SALT Blawg – State and Local Tax Blog
State and Local Tax ("SALT") blog issues require state and local tax knowledge. Chamberlain Hrdlicka's SALT Blawg (SALT Blog) provides exactly that knowledge with news updates and commentary about state and local tax issues.
You can expect to find relevant information about topics such as income (corporate and personal) tax, franchise tax, sales and use tax, property (real and personal) tax, fuel tax, capital stock tax, bank tax, gross receipts tax and withholding tax. SALT Blawg, offers tax talk for tax pros … in your neighborhood.
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In response to various issues created by COVID-19, the Philadelphia Department of Revenue (“Department”) has issued guidance to taxpayers related to the City’s Wage Tax, Use & Occupancy (“U&O”) Tax, and Business Income & Receipts Tax (“BIRT”).Wage Tax
On November 5, 2020, the Department issued revised guidance regarding Wage Tax withholding requirements for Philadelphia-based employers. This is not a change in position; the guidance serves to explain the City’s policy that was in effect pre-COVID. The guidance explains that Philadelphia applies the “requirement of employment” test in order to determine whether a non-resident’s base of operations is the employer’s Philadelphia location. If a Philadelphia employer requires a non-resident employee to perform duties outside of Philadelphia (including working from home), that employee is exempt from the Wage Tax for those days spent fulfilling that requirement. However, if a non-resident works from home for his or her own convenience, that employee is not exempt from the Wage Tax, even if the Philadelphia employer authorizes the work from home arrangement. For Philadelphia residents, the City requires an employer to withhold and remit Wage Tax, regardless of where the individuals perform their duties.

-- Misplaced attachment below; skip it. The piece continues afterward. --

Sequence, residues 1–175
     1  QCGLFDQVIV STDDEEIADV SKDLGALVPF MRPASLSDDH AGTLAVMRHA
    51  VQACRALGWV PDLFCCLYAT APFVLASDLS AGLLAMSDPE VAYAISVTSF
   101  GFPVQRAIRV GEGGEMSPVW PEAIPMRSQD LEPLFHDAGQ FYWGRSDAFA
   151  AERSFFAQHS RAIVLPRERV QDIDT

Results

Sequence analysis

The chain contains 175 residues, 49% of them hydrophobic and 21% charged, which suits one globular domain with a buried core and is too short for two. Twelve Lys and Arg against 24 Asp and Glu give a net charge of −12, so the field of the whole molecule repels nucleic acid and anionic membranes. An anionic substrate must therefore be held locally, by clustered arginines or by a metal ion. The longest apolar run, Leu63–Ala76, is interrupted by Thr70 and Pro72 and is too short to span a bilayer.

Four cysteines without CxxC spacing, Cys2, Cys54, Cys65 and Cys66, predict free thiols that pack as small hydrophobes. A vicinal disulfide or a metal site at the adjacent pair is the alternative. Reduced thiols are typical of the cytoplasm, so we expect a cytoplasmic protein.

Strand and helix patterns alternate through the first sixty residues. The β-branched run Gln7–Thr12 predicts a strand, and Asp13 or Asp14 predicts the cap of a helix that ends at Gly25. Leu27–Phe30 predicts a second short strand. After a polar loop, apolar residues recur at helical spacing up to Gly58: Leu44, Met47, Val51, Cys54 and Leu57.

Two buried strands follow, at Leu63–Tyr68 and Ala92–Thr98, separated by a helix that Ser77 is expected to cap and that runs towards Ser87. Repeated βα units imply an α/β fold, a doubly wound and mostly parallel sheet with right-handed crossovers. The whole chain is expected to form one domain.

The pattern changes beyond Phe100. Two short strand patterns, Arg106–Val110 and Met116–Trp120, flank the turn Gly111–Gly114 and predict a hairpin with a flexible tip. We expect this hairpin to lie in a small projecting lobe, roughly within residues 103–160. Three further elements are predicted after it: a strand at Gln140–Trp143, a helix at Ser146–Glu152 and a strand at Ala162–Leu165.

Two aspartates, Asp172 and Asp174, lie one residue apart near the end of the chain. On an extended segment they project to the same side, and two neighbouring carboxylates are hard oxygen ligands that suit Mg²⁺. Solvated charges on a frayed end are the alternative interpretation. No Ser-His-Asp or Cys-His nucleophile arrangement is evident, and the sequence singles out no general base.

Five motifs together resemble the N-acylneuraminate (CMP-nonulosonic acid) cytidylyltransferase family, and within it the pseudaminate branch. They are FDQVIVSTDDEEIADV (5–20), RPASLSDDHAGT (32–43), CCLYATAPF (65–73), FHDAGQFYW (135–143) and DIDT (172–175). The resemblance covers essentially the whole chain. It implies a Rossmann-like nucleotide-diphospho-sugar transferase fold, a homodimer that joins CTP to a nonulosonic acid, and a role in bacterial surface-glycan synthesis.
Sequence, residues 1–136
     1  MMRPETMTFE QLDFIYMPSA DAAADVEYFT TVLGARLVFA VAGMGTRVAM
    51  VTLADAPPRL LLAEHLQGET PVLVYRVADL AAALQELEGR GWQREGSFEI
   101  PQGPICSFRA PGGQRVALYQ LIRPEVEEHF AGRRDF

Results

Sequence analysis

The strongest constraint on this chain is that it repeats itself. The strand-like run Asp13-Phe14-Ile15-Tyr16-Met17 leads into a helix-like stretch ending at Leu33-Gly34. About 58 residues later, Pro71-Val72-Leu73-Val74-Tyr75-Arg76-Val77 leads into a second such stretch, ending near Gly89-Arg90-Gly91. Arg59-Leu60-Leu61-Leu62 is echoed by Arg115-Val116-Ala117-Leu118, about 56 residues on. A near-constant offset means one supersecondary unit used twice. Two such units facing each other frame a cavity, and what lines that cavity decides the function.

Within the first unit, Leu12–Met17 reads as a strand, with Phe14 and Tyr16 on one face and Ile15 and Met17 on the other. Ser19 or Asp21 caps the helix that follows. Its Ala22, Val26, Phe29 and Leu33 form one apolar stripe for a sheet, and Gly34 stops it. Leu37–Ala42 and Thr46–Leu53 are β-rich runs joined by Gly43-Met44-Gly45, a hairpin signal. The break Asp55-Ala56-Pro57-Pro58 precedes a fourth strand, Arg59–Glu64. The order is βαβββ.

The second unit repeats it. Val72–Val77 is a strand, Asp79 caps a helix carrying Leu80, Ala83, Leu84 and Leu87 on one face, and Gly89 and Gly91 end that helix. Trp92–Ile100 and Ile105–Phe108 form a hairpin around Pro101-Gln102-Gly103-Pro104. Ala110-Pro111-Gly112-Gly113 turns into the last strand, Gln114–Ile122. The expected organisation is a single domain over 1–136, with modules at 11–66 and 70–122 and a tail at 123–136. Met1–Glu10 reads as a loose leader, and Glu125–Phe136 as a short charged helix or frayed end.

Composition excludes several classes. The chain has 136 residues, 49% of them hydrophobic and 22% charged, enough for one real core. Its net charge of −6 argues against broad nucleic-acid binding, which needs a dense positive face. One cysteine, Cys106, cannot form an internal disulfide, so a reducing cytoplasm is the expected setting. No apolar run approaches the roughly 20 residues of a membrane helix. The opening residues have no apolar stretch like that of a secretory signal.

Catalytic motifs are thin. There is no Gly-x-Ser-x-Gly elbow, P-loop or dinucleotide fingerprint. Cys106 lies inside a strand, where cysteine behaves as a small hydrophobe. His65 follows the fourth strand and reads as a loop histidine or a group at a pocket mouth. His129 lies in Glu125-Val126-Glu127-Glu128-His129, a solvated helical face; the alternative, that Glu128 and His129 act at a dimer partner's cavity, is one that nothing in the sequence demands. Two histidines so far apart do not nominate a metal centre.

Those employers intending to require their employees to work-from-home should review their work-from-home policies to ensure they are sufficiently stated to obviate the need for payment of the Wage Tax. Non-resident employees who had Wage Tax withheld during the time they were required to work from home during 2020 may apply for a refund beginning in 2021. Employees must provide a letter from their employer, on company letterhead, stating they were required to work from home.
Use & Occupancy Tax
On November 25, 2020, the Department issued U&O tax guidance for restaurants and other food service businesses affected by “Safer at Home” restrictions. The Safer at Home restrictions, issued November 16th, order businesses to close their indoor dining rooms in an attempt to curtail the spread of COVID-19. The Department’s guidance provides that those businesses that are affected by the restrictions are not subject to the U&O tax on the portion of their business used for indoor dining. The policy is in place from November 20th at 5pm through January 1, 2021. When filing, taxpayers should use “Line 3 - Non-taxable Exempt Amount” of the filing form to indicate the portion of their property exempt from the U&O tax. Due dates to pay the tax remain the same.
Those taxpayers who have already filed and paid November and/or December 2020 U&O tax but are now eligible for exemption must amend their November and/or December returns and either: (1) request a refund via a refund petition form; or (2) request that the payment be moved forward to the following period by emailing firstname.lastname@example.org. Any landlords who did not remit the tax but have collected it through regular rent collection must refund applicable portions of the tax to their tenants.
Business Income & Receipts Tax
On December 1, 2020, the Department issued BIRT refund guidance for businesses that overestimated their 2020 BIRT estimated payment. In order to receive a refund, such businesses must amend their 2019 BIRT return using the City’s eFile/ePay website.
The refund will be based on the difference between the original return and the new estimated payment amount. Notably, underestimating BIRT liability will result in interest and penalty – calculated back to April 15, 2020.
Upon receipt of the amended return, a business will receive a letter from the Department alerting it that the Department received the return. Upon receipt of this letter, the Department estimates that businesses can expect to receive their refund in approximately six to eight weeks.
For more information, the City’s guidance can be accessed at: https://www.phila.gov/documents/coronavirus-tax-guidance/